ABC News’ Teddy Davis Reports: Top Bush adviser Karl Rove said Sunday that he thinks the Iraq war will not be the dominant issue in next year’s presidential campaign because of his assumption about "where it is—where it is likely to be" come springtime of 2008.
"I think Iraq may or may not be the big issue," said Rove. "It depends on where Iraq is by March, or April, or May of next year. I think it’s likely not to be the dominant issue because I think, because of my assumptions about where it is – where it is likely to be."
Rove’s Iraq comments, coming at a time when support for President Bush’s Iraq strategy is unraveling among Senate Republicans, are fueling speculation among critics of the Bush administration that the troop drawdown is being planned more for political reasons than because of an improving situation on the ground in Iraq.
Beyond his own assumption about where U.S. troop levels are likely to be, Rove thinks Iraq will lose its dominant status because Democrats will "want the issue to be toned down" so as not to box in a potential Democratic president.
"So I think this is sort of like Korea in 1952 and 53," said Rove of the Democrats seeking the White House, "where Eisenhower made a comment which led people to believe that he was for change: ‘I’ll go to Korea,’ but in essence, kept in place the policies of Truman after the election."
Rove believes Democrats will want the Iraq issue "toned down" in order to avoid a situation in which a winning Democratic presidential candidate faces either a precipitous withdrawal or an extended engagement which causes a large portion of the Democratic Party to turn on the party’s newly elected president.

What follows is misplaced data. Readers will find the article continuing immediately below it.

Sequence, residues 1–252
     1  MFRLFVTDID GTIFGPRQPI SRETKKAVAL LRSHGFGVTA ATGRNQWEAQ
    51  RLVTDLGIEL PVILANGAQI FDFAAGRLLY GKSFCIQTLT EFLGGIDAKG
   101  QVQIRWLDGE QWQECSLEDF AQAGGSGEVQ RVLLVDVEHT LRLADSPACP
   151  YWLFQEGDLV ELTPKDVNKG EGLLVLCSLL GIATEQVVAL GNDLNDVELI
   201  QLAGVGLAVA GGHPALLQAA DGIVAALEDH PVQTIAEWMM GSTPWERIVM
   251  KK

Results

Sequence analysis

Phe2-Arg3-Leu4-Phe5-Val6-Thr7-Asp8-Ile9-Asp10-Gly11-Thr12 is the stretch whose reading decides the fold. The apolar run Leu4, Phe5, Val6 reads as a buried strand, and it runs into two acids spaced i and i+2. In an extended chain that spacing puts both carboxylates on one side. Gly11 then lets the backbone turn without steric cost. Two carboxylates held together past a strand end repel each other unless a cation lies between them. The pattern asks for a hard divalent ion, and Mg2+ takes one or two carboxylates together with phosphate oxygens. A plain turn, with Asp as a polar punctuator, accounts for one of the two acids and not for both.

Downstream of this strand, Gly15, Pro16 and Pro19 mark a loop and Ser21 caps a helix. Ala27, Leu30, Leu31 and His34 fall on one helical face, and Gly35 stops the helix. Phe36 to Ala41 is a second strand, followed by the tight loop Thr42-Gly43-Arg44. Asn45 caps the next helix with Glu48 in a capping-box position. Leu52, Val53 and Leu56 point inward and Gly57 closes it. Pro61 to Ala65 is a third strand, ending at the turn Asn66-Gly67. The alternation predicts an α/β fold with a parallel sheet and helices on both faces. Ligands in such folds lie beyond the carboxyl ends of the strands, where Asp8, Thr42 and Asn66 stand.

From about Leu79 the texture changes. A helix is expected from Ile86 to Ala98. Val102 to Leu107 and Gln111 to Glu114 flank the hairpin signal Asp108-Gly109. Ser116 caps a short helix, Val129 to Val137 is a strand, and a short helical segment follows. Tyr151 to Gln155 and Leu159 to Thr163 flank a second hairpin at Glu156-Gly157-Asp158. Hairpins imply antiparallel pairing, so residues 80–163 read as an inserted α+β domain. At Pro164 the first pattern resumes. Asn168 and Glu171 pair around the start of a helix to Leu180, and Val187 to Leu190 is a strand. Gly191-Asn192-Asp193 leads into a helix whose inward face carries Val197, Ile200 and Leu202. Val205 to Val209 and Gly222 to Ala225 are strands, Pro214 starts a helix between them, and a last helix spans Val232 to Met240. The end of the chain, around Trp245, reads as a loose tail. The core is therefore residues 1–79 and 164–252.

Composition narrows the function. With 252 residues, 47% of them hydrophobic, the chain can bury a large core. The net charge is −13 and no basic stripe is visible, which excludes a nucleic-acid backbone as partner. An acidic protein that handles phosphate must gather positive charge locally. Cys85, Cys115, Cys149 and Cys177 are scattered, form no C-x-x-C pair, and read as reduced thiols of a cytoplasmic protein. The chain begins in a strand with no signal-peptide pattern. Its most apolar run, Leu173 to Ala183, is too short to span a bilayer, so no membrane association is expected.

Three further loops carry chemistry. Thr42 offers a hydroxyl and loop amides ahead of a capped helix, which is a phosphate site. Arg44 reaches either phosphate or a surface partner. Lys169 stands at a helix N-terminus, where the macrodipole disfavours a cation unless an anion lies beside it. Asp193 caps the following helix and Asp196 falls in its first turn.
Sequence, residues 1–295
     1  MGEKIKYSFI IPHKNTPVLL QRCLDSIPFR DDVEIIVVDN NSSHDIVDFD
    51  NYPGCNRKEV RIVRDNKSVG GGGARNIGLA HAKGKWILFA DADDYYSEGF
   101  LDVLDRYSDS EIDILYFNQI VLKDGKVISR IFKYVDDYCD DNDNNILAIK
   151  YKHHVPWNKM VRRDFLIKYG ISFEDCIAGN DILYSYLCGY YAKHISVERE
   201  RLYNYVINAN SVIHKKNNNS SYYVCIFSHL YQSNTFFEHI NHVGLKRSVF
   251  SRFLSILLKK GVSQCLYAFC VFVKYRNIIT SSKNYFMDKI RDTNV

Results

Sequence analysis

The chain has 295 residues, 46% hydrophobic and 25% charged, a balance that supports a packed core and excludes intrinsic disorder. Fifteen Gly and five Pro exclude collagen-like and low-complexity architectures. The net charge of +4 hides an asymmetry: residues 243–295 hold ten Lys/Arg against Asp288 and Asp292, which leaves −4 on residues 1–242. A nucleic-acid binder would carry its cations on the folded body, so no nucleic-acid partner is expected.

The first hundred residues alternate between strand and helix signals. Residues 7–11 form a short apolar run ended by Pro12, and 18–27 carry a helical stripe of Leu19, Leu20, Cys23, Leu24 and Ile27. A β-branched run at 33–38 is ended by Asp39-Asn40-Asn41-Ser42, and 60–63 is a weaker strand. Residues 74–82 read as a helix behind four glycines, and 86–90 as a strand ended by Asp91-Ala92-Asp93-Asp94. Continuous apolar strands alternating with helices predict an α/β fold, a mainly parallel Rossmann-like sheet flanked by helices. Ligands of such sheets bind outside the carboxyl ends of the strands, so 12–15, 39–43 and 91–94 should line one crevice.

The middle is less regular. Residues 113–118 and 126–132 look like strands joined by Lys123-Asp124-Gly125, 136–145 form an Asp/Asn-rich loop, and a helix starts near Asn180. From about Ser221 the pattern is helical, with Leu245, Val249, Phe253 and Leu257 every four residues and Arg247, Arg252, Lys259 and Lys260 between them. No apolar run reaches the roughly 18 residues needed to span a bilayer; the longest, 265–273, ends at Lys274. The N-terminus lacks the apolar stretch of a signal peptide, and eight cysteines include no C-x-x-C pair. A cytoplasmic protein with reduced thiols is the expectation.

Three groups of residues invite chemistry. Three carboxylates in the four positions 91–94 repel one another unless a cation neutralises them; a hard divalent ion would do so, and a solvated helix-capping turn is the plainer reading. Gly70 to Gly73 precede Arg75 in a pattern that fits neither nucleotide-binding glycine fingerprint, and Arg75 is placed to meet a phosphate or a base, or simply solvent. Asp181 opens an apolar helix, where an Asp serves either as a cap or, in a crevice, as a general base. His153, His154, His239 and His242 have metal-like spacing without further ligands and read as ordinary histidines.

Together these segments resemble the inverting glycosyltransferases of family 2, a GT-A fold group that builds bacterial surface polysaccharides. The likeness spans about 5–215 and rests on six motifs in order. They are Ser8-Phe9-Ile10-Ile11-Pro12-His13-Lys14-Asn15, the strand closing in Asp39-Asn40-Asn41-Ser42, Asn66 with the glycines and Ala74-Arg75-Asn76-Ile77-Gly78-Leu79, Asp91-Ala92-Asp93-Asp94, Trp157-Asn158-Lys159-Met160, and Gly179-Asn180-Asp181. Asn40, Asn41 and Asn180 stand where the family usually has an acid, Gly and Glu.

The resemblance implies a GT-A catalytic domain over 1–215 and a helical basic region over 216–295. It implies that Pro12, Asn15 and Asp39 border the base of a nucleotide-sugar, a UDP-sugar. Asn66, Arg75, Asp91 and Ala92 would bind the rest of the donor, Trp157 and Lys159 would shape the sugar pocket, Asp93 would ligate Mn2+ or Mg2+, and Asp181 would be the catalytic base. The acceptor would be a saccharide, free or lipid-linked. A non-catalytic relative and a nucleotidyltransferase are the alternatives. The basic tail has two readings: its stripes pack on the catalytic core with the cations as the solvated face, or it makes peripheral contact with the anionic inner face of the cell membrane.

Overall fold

"I think it also may be less of an issue because if you are a Democrat," said Rove, "you do not want to be in a place where on Jan. 21st, 2009, if a Democrats gets elected president, the Democratic president faces the likelihood — there will be US troops in Iraq — and so you want the issue to be toned down because you don’t want to be in a place where on Jan. 21, if you are a Democrat, and you get elected, you face one of two options: you bring them home precipitously and everybody, virtually everybody, agrees that the country descends into chaos, and that’s on your watch, or that you keep them there in a reasonable configuration — redeployed — in which case a large part of your party is angry with you."
Iraq will also lose its salience as an issue, according to Rove, because Republican presidential candidates will discuss national security in a "broader context than just Iraq."
Rove’s claim that the eventual Democratic presidential nominee would want the Iraq issue "toned down" in 2008 was mocked Monday by the president of a liberal group working to end the war.
"Karl Rove is smoking something if he thinks Democrats are going to abandon a position supported by 70 percent of Americans," said Brad Woodhouse, president of Americans United for Change. "It just shows how much Karl Rove has lost his political touch . . . Americans don’t believe this war was worth it and they want our troops out of harm’s way."
Rove portrayed President Bush’s troop buildup, which began earlier this year, as making a troop drawdown possible.
"The idea is that the surge doesn’t last indefinitely," said Rove. "The object of the surge is to clear and to allow the Iraqis to have time to properly hold and to do enough damage to the infrastructure of the enemy that it is difficult for the enemy to come back."
Rove made his comments while speaking at an annual "ideas festival" sponsored by the Aspen Institute and The Atlantic magazine in Aspen, Colo.